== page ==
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A wood burning insert may be used to refurbish an existing fireplace, or to finish a fireplace in a new construction. Wood burning fireplace inserts are self-contained and relatively easy to install, with all the components needed to provide the warmth of a real wood fireplace in one energy-efficient package. The front of the wood burning insert is generally encased in glass, and an adjustable fan blows a stream of heated air into the room through vents.

The crackle and aroma of a nice, warm log fire is very enjoyable for many people. And, while non-renewable fossil fuels such as coal or gas do burn cleaner than wood, they cannot truly duplicate a wood fire. Unlike coal or gas, wood is a renewable resource. However, open wood fireplaces provide inefficient heating, allowing most of the heat to escape right up the chimney. A wood burning insert is made to be extremely energy-efficient, and to provide a cleaner burn than a wood furnace or typical fireplace.

Heating efficiency is measured in British thermal units (BTUs), with around 25 to 30 BTUs recommended for each square foot of space (approximately .304 square meters). A wood burning stove insert will achieve about 75% efficiency compared to around 25% for an open fireplace. It is clear that wood fireplace inserts far outpace open fireplaces in energy savings, providing an inexpensive, alternative heating source. By installing a wood burning insert, consumers can enjoy the natural heating properties of a wood fireplace while minimizing environmental damage.


http://www.wisegeek.com/what-is-a-wood- ... insert.htm

The Sustainability Ireland site confirm the figures
http://www.sustainability.ie/energyefficient.html


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 Post subject: Re: The Scrimp and Scrape thread: tips to save money
PostPosted: Wed Feb 29, 2012 9:24 am 
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evilal wrote:
But but but why? How? It's counterintuitive.


An open fireplace is sucking a vast amount of air from the room straight up the chimney. With a stove you throttle the air supply, this means that all the flammable gasses in the wood get combusted in the stove, giving off heat rather than being sucked up the chimney.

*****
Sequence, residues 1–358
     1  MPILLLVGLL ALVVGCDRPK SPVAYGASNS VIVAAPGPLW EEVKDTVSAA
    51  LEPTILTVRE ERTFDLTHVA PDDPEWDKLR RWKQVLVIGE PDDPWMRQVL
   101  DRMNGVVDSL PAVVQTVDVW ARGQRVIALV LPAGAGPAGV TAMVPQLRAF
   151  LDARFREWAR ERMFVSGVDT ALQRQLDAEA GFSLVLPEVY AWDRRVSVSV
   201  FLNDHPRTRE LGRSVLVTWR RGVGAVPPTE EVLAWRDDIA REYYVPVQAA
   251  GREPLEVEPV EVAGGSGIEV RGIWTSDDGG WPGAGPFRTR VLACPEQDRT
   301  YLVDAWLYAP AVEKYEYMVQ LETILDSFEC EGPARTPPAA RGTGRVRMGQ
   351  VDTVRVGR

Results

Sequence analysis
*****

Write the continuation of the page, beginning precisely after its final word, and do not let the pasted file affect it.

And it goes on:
I went from burning wood in an open fireplace to a stove (freestanding rather than inset) and there is a significant reduction in fuel consumption and a significant increase in heat output, convenience and cleanliness.


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 Post subject: Re: The Scrimp and Scrape thread: tips to save money
PostPosted: Wed Feb 29, 2012 9:27 am 
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evilal wrote:
But but but why? How? It's counterintuitive.


With an open fire there is a constant loss of warm air from the house being sucked up the chimney. Even when the fire isnt lighting. With a stove that can be practically closed off.

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 Post subject: Re: The Scrimp and Scrape thread: tips to save money
PostPosted: Wed Feb 29, 2012 9:40 am 
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blanchguy wrote:
evilal wrote:
But but but why? How? It's counterintuitive.


An open fireplace is sucking a vast amount of air from the room straight up the chimney. With a stove you throttle the air supply, this means that all the flammable gasses in the wood get combusted in the stove, giving off heat rather than being sucked up the chimney.

I went from burning wood in an open fireplace to a stove (freestanding rather than inset) and there is a significant reduction in fuel consumption and a significant increase in heat output, convenience and cleanliness.


Yep, freestanding is the way to go. Much better heat quality (radiant versus partially radiant / convective), although it means needing to put a steel plate / stone slab out in front of the hearth

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 Post subject: Re: The Scrimp and Scrape thread: tips to save money
PostPosted: Wed Feb 29, 2012 9:46 am 
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I have a free standing stove and I love it for all the reasons above + good for getting rid of sticky stuff from the back garden.


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 Post subject: Re: The Scrimp and Scrape thread: tips to save money
PostPosted: Thu Mar 01, 2012 12:08 am 
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Got it, thanks guys.

When I were a lad, we rented a house in Sandyount from a Swiss guy who had imported a Swiss coal-burning stove and installed it in the dinign room in lieu of central heating. Efficient it may have been, but I have bad memories of lighting the bloody thing on cold mornings...

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 Post subject: Re: The Scrimp and Scrape thread: tips to save money
PostPosted: Thu Mar 01, 2012 12:16 am 
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Dry timber. Newspaper. 1 match.